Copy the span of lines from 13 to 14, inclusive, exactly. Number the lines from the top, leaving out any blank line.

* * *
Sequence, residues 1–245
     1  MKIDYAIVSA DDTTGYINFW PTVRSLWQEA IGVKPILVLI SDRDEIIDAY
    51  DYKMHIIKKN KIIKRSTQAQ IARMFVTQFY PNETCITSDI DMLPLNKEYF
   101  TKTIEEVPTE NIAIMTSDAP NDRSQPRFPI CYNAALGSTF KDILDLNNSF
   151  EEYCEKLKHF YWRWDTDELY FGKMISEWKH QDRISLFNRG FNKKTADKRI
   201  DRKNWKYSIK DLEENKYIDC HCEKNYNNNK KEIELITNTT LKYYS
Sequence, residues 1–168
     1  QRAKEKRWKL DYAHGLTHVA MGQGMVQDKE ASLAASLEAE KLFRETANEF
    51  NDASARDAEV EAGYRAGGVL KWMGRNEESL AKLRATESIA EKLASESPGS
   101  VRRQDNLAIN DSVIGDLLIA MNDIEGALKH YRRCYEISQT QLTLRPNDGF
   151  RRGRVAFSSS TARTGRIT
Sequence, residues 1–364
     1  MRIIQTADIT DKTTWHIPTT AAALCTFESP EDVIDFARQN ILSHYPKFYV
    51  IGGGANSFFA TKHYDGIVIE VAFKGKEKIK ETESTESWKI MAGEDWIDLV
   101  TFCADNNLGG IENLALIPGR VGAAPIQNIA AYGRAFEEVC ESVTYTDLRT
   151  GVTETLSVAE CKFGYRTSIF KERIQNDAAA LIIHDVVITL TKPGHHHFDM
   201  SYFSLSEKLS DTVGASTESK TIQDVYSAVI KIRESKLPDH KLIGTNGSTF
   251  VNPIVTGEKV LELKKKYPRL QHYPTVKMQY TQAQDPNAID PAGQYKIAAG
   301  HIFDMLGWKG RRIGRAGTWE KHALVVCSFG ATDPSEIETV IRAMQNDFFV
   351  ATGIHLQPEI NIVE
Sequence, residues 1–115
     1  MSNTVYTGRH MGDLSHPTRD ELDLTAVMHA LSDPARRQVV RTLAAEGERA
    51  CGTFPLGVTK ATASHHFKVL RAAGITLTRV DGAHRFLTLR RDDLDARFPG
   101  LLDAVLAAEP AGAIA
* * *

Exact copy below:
     1  MRIIQTADIT DKTTWHIPTT AAALCTFESP EDVIDFARQN ILSHYPKFYV
    51  IGGGANSFFA TKHYDGIVIE VAFKGKEKIK ETESTESWKI MAGEDWIDLV